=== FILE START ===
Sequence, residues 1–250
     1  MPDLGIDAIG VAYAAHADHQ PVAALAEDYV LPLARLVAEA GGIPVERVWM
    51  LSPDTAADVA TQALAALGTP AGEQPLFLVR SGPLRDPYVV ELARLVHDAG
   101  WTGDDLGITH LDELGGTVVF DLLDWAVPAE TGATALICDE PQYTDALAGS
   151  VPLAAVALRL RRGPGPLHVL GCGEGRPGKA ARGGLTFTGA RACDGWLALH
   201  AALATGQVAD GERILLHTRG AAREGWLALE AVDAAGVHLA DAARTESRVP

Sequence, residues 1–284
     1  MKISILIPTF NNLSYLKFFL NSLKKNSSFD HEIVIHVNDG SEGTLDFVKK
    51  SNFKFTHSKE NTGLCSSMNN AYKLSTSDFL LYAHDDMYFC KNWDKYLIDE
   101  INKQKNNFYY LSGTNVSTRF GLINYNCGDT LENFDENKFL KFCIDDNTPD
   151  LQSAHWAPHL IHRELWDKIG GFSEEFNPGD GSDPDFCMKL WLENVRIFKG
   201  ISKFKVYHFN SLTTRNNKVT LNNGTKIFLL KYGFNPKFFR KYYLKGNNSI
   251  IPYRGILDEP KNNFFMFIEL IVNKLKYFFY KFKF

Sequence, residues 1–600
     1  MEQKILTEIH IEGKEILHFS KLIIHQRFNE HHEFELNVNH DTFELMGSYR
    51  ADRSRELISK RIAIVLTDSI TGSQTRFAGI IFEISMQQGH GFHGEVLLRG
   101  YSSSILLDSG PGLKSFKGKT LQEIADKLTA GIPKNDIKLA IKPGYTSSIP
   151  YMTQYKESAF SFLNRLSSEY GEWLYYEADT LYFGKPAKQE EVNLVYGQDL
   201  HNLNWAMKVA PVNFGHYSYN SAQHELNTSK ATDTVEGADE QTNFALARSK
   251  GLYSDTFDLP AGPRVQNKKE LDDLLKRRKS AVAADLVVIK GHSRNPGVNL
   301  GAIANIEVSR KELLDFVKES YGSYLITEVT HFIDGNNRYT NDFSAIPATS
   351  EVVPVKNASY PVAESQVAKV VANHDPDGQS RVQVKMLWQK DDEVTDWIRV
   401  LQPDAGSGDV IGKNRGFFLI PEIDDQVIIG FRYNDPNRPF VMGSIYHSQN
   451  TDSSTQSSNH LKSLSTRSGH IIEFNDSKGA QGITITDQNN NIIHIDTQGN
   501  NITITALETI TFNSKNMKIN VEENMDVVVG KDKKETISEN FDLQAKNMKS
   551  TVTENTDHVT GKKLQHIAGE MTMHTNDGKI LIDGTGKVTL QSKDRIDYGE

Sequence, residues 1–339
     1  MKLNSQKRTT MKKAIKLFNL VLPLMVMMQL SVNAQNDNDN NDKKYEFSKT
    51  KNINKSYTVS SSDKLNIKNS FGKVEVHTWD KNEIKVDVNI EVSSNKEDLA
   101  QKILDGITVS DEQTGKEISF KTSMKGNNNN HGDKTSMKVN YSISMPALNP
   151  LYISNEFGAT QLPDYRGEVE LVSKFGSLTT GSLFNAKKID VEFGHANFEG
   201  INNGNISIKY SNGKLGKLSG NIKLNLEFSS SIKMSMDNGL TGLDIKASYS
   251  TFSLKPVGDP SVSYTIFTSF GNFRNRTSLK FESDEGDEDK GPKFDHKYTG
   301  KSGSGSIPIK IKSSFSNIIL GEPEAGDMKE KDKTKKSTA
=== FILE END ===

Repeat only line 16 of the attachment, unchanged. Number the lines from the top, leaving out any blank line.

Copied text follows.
    51  ADRSRELISK RIAIVLTDSI TGSQTRFAGI IFEISMQQGH GFHGEVLLRG